Why do children fidget: And what can we do about it

WHY CHILDREN FIDGET: And what we can do about it  A perfect stranger pours her heart out to me over the phone. She complains that her six-year-old son is unable to sit still in the classroom. The school wants to test him for ADHD (attention deficit and hyperactivity disorder). This sounds familiar, I think to myself. As a pediatric occupational therapist, I’ve noticed that this is a fairly common problem today.

 

The mother goes on to explain how her son comes home every day with a yellow smiley face. The rest of his class goes home with green smiley faces for good behavior. Every day this child is reminded that his behavior is unacceptable, simply because he can’t sit still for long periods of time. The mother starts crying. “He is starting to say things like, ‘I hate myself’ and ‘I’m no good at anything.’” This young boy’s self-esteem is plummeting all because he needs to move more often. Over the past decade, more and more children are being coded as having attention issues and possibly ADHD. A local elementary teacher tells me that at least eight of her twenty-two students have trouble paying attention on a good day. At the same time, children are expected to sit for longer periods of time. In fact, even kindergarteners are being asked to sit for thirty minutes during circle time at some schools.

 

The problem: children are constantly in an upright position these days. It is rare to find children rolling down hills, climbing trees, and spinning in circles just for fun. Merry-go-rounds and teeter-totters are a thing of the past. Recess times have shortened due to increasing educational demands, and children rarely play outdoors due to parental fears, liability issues, and the hectic schedules of modern-day society. Lets face it: Children are not nearly moving enough, and it is really starting to become a problem. I recently observed a fifth grade classroom as a favor to a teacher. I quietly went in and took a seat towards the back of the classroom. The teacher was reading a book to the children and it was towards the end of the day. I’ve never seen anything like it. Kids were tilting back their chairs back at extreme angles, others were rocking their bodies back and forth, a few were chewing on the ends of their pencils, and one child was hitting a water bottle against her forehead in a rhythmic pattern. This was not a special needs classroom, but a typical classroom at a popular art-integrated charter school. My first thought was that the children might have been fidgeting because it was the end of the day and they were simply tired. Even though this may have been part of the problem, there was certainly another underlying reason. We quickly learned after further testing, that most of the children in the classroom had poor core strength and balance. In fact, we tested a few other classrooms and found that when compared to children from the early 1980s, only one out of twelve children had normal strength and balance. Only one! Oh my goodness, I thought to myself. These children need to move!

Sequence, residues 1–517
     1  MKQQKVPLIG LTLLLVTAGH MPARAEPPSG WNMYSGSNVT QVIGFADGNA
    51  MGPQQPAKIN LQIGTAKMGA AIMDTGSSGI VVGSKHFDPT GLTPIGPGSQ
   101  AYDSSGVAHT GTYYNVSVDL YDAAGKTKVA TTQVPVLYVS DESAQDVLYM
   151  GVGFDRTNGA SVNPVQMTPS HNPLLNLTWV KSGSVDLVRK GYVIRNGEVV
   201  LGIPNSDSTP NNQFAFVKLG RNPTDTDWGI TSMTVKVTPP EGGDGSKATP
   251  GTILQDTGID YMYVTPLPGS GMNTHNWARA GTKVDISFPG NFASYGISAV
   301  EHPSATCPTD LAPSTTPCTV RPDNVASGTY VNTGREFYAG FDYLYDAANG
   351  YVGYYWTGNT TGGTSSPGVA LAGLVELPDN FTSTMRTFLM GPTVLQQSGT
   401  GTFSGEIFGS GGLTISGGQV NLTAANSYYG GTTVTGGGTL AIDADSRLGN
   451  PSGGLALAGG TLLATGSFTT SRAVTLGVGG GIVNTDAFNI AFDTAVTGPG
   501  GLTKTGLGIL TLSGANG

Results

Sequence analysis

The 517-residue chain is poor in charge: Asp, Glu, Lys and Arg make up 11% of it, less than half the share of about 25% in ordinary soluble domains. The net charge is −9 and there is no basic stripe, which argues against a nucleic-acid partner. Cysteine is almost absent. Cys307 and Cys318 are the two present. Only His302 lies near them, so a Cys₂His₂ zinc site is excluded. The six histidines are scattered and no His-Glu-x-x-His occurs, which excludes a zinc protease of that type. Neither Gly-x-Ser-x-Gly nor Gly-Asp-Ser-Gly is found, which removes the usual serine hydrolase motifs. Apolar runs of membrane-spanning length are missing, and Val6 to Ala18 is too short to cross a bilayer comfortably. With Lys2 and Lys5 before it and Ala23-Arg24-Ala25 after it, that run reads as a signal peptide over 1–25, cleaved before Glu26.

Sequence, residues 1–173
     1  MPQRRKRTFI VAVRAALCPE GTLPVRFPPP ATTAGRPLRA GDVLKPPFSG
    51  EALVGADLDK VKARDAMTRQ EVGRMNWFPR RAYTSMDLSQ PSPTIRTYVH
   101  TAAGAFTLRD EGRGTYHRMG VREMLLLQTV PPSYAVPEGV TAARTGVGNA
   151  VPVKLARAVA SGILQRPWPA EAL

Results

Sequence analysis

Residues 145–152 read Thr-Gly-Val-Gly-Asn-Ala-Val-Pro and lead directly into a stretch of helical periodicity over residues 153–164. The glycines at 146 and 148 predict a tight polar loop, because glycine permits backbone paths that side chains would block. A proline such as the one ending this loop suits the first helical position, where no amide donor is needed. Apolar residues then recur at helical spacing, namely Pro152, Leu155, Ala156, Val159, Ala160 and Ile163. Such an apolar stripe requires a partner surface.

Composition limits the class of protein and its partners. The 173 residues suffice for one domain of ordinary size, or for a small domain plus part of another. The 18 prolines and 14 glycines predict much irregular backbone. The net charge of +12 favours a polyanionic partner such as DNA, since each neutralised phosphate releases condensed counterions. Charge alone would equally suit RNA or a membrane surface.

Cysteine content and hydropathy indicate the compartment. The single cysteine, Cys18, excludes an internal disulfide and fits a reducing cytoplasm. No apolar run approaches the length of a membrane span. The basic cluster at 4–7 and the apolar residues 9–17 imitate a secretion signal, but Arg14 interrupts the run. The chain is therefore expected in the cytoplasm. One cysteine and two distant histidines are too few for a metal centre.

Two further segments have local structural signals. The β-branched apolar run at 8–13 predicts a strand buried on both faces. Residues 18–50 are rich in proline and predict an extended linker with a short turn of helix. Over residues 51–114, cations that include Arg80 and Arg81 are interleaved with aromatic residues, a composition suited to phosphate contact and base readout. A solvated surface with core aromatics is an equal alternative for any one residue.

Ironically, many children are walking around with an underdeveloped vestibular (balance) system today--due to restricted movement. In order to develop a strong balance system, children need to move their body in all directions, for hours at a time. Just like with exercising, they need to do this more than just once-a-week in order to reap the benefits. Therefore, having soccer practice once or twice a week is likely not enough movement for the child to develop a strong sensory system. Children are going to class with bodies that are less prepared to learn than ever before. With sensory systems not quite working right, they are asked to sit and pay attention. Children naturally start fidgeting in order to get the movement their body so desperately needs and is not getting enough of to “turn their brain on.” What happens when the children start fidgeting? We ask them to sit still and pay attention; therefore, their brain goes back to “sleep.” Fidgeting is a real problem. It is a strong indicator that children are not getting enough movement throughout the day.

 

We need to fix the underlying issue. Recess times need to be extended and kids should be playing outside as soon as they get home from school. Twenty minutes of movement a day is not enough! They need hours of play outdoors in order to establish a healthy sensory system and to support higher-level attention and learning in the classroom.          In order for children to learn, they need to be able to pay attention. In order to pay attention, we need to let them move.